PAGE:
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I'm really, really cross with nursery, please come and help me get my thoughts in order before I speak to the manager tomorrow.

(31 Posts)
TAFKAtheUrbanDryad Tue 15-Sep-09 18:38:05

Ds has been potty training for just over a week. Last week I sent him in in pants, as he was doing so well at home, but it generated a LOT of washing for me (he was having 5-6 accidents at nursery, so I would have 5-6 pairs of pants to wash + trousers) so I this week I've sent him in pull-ups, which is not ideal but I can live with. Both today and yesterday he has come home in a nappy, which has been soiled.

I know that he has better control than that - I do accept that accidents are going to happen, but when he's at home he manages to use the potty 80% of the time, and he's getting better. The only time I use pull-ups are in the car, for a journey of more than half an hour.

Nursery know that ds has very sensitive skin, and that if he isn't changed out of a soiled nappy straight away he gets very sore. They keep asking for metanium to slather on him - which does work - but it shouldn't be necessary if they would just change him out of a soiled nappy/pull-up ASAP.

In addition to the nappy/potty training issues, ds has been having issues with another boy in his room. I think they are friends, but - as is very common with dc of this age - they tend to bounce off each other. Yesterday, ds came home with a massive bite mark on his cheek, and I had to sign an accident form which said that the assistants in the room hadn't noticed what had happened, and ds hadn't seemed upset. Well, it's a massive mark, and still marked this evening, so I find it very difficult to believe that ds made no reaction at all. He also had a bite mark on his arm, which was because he had been bitten after he snatched a toy off another child.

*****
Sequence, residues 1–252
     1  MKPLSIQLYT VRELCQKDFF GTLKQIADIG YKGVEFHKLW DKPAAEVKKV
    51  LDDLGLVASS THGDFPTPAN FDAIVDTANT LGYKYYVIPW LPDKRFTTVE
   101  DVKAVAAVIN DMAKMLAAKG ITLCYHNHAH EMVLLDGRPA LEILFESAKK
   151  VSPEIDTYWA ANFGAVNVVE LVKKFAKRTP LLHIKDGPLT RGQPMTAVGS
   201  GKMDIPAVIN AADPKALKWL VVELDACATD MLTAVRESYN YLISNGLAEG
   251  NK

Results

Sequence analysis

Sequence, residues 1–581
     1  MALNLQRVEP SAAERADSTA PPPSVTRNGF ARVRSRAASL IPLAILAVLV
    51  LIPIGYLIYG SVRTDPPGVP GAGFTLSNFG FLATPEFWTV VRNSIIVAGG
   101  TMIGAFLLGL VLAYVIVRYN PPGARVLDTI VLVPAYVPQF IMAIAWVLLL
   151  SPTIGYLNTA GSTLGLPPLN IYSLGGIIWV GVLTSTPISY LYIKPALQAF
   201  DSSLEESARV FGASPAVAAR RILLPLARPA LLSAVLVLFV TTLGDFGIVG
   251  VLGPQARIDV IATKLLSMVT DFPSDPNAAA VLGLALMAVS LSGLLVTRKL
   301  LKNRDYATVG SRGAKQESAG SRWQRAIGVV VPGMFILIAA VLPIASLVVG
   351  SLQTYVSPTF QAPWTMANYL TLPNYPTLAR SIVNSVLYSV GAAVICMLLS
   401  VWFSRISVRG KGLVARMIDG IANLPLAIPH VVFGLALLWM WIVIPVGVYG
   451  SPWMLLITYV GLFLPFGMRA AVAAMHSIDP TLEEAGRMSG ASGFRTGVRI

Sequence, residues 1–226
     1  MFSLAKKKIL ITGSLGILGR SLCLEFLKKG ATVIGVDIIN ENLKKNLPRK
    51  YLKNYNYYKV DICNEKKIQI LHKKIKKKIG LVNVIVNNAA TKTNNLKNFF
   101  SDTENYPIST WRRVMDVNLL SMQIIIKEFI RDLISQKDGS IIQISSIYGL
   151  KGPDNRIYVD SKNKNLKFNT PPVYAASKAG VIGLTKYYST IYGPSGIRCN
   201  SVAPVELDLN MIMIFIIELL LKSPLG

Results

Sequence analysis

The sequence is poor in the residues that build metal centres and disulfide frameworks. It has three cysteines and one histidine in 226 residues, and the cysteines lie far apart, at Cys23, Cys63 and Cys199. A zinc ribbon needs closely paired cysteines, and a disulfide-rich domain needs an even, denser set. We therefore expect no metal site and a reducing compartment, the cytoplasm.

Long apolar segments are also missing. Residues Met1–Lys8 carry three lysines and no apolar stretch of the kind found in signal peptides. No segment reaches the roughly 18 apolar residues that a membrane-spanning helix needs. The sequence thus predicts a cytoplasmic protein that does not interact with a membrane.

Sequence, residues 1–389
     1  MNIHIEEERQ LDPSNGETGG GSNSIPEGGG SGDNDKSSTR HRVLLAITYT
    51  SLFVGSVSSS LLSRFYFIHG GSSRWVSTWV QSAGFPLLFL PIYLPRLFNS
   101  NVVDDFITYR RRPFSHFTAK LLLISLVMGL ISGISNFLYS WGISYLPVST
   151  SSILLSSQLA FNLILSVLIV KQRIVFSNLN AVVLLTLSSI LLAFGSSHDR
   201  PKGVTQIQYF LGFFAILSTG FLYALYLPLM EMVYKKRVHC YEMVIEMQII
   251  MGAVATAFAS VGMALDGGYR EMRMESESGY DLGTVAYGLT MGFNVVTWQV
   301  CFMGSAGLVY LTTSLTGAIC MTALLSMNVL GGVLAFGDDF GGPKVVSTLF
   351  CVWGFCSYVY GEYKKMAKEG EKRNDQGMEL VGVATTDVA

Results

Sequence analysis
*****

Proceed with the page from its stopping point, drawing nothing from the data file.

Now, I know that kids bite, and these things happen. I'm not stressing over this - and if it's not ds this week, it will be next week IYSWIM. But, he's come home today with another bite mark on his other arm, and no accident form, and no-one seems to have noticed. I'm really, really cross about this - I'm not a precious parent who freaks out every time their baby is damaged. I've been very understanding when ds has come home with quite severe injuries (bites) in the past, and although they haven't told me who's done it, it seems to be 2 specific children from what ds says. I'm very worried that the nursery assistants don't seem to be noticing if ds is being bitten, not because I'm particularly worried about the bites per se (although obviously I'm sad for ds) but because if the children who are biting aren't being pulled up for it then they're going to keep doing it, aren't they?

I really need to get my thoughts in order before I phone the manager tomorrow, I'm not going to put a formal complaint in, or anything like that - but I need to figure out exactly what I want to happen and how I'm going to achieve it.

Sorry it's so long - must go and finish cooking tea now, but will check back later. TIA! smile

colditz Tue 15-Sep-09 18:40:00

I'd actually go nuts. So I can't bring you to calm down land at all, sorry!

nickschick Tue 15-Sep-09 18:46:06